He remains a bafflingly word-of-mouth proposition.
Chris Jones 2008
It remains a mystery as to why the name of Jack Rose hasn't spread further afield in this country. Rose has been slowly but surely forging a reputation as one of the USA's foremost revivalists of what used to be known as 'American Primitive'. ie: he deals in the same open-tuned acoustic folk blues that the legendary John Fahey and the Revenant label made famous in the '60s and '70s. Despite being featured by Fiona Talkington on Radio 3's Late Junction nearly four years ago he remains a bafflingly word-of-mouth proposition. Hopefully this latest double from Rose will change all that.
Most of Rose's output (Raag Manifestos, Two Originals Of...) since leaving the drone rockers, Pelt, has been entirely solo. But here, on the first disc, 'Dr Ragtime...' he joins forces with ex bandmembers (Mike Gangloff) as well as another disciple of Fahey's, Glenn Jones of Cul De Sac, to whoop it up a treat. Jaunty rags and jugband blues complete with rattling washboards and tootling harmonicas grace this manifestation of old time goodness.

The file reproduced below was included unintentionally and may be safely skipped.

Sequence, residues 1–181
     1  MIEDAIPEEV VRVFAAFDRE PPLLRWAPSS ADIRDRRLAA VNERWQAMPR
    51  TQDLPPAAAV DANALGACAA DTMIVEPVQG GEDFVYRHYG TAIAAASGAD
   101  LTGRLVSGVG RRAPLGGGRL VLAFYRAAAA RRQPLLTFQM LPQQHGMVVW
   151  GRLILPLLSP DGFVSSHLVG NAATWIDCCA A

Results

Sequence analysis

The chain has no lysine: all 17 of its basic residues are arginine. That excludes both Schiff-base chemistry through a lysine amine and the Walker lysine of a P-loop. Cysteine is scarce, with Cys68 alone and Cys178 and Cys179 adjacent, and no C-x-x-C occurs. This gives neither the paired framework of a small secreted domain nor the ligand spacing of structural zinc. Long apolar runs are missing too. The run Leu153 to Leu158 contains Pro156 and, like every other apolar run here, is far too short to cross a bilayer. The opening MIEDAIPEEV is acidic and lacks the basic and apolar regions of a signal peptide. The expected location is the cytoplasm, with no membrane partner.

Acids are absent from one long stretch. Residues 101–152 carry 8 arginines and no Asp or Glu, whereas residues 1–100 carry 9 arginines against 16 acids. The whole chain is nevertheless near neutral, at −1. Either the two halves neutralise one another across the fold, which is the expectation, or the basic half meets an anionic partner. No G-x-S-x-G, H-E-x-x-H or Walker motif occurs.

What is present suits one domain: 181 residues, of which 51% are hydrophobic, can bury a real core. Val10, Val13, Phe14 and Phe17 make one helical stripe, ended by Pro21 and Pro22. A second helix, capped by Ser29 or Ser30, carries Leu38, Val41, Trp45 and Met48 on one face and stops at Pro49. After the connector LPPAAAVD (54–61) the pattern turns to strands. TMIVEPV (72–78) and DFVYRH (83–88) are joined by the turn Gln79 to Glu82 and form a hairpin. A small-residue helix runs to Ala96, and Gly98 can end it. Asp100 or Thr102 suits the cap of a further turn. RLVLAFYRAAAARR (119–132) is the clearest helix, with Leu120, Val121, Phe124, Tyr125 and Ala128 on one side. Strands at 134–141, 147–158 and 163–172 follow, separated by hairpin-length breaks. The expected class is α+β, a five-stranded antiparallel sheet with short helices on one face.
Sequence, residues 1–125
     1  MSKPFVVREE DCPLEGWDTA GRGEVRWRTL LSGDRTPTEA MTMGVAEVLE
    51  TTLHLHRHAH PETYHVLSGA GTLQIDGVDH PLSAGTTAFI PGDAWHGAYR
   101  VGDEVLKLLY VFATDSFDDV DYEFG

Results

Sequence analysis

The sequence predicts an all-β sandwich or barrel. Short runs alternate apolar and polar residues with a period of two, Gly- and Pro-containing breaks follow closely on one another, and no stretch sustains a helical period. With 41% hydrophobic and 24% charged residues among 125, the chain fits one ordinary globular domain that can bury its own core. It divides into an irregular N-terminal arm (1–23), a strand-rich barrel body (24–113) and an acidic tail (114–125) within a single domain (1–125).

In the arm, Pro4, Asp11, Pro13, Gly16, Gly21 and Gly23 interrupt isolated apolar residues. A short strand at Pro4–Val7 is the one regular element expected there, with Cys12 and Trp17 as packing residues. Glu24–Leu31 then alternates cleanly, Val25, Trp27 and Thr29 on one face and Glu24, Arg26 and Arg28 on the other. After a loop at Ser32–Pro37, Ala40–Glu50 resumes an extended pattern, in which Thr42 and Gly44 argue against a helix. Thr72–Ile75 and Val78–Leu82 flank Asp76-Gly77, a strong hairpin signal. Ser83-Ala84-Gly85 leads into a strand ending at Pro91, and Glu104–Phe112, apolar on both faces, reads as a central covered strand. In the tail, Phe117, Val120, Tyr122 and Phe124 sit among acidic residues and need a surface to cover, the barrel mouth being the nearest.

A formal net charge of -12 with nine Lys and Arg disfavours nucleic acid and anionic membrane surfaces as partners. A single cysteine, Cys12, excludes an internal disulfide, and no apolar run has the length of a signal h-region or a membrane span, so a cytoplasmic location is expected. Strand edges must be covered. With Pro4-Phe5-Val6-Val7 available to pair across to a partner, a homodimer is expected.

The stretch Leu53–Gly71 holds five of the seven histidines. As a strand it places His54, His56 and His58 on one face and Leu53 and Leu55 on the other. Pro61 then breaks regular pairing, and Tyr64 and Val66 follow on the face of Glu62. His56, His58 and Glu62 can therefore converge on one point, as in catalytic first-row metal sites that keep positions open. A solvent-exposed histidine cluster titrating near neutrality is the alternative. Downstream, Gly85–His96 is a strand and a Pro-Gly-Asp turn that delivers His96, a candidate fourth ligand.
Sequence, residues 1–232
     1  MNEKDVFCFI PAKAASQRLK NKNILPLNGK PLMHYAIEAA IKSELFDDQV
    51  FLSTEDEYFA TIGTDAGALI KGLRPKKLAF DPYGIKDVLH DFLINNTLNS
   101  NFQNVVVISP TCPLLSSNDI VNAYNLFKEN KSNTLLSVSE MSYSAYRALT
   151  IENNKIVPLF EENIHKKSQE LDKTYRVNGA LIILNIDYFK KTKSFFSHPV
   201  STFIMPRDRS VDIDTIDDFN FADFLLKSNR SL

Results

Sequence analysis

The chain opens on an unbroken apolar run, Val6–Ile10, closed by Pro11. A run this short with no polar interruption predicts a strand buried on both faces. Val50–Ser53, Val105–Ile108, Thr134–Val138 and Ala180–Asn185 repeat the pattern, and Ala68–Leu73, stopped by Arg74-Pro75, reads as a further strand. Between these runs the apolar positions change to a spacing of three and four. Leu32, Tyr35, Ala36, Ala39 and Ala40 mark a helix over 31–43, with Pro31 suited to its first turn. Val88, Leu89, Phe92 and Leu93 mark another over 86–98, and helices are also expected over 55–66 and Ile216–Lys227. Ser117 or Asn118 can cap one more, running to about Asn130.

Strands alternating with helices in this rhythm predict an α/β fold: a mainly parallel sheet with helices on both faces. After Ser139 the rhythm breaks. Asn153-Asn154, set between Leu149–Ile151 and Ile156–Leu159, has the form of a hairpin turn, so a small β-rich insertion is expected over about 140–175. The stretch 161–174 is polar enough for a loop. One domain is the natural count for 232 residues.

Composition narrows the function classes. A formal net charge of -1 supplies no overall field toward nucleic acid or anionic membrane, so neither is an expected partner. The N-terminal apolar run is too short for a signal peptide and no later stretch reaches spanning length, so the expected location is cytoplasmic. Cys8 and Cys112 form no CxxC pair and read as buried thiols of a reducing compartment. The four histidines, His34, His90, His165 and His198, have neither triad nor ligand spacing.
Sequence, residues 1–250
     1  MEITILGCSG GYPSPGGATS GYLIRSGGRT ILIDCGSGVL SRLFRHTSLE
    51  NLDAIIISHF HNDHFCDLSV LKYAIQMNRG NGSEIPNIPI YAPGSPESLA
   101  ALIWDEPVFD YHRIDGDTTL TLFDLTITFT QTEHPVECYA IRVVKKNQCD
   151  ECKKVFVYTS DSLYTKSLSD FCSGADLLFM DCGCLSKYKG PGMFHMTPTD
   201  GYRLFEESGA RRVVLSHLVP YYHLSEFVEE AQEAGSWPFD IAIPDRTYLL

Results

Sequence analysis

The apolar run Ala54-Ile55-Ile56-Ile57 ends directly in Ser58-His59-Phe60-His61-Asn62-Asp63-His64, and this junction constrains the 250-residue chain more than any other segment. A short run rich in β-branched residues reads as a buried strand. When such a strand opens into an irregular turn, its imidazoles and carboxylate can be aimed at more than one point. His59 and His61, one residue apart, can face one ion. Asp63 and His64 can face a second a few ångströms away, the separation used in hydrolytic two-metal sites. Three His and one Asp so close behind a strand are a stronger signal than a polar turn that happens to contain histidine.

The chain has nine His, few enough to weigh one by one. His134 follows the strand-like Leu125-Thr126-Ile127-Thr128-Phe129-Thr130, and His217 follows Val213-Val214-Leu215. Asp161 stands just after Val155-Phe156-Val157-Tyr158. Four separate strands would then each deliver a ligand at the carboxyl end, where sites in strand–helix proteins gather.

While it's never less than entertaining, the real heart of Rose (as with Fahey) is in the darker primitive drones and raags that he coaxes out of his twelve string. It's this material that makes up the second disc: 'Self Titled'. A reissue of material previously only available on the vinyl Archive label, this is the stuff that works its way into your soul, dredging up some kind of collective memory of shacks, rural hardship and spiritual brutalism.
On tracks such a Levee or Spirits In The House, he conjurs up a bleak yet incredibly satisfying blend of psychedelic folk and deep blues. It's as though the open-tuned resonances vibrate something deep within you. And never once do you feel the need to question the specious notion of how 'authentically' a young white man can raise such ghosts. Heady stuff...